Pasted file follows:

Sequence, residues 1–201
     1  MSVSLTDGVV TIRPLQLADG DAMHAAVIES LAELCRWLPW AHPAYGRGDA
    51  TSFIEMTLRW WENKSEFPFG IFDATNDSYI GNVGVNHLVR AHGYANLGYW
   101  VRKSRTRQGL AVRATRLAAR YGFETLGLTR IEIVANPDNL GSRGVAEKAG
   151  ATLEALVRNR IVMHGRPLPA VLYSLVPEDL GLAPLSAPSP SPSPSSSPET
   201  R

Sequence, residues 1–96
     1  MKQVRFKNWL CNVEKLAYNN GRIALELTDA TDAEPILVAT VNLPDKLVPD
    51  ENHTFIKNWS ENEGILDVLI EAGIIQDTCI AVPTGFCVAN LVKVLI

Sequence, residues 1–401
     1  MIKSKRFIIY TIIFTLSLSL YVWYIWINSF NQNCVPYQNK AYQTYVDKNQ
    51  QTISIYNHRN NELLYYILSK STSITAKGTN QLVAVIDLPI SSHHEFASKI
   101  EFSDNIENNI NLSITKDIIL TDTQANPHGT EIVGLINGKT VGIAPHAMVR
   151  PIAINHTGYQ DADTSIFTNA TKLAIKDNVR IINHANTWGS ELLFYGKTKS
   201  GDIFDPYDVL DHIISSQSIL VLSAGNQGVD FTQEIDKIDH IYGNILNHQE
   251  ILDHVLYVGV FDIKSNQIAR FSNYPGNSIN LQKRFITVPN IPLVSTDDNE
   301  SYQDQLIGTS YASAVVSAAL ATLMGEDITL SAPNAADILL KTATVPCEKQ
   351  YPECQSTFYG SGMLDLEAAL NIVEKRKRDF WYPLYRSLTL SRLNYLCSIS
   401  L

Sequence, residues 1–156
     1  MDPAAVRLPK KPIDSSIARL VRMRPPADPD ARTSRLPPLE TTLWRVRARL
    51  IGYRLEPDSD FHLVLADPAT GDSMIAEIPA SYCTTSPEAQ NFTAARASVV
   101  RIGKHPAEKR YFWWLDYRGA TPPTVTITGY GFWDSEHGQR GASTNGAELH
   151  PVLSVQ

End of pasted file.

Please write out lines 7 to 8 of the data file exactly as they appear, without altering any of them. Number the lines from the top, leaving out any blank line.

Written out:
Sequence, residues 1–96
     1  MKQVRFKNWL CNVEKLAYNN GRIALELTDA TDAEPILVAT VNLPDKLVPD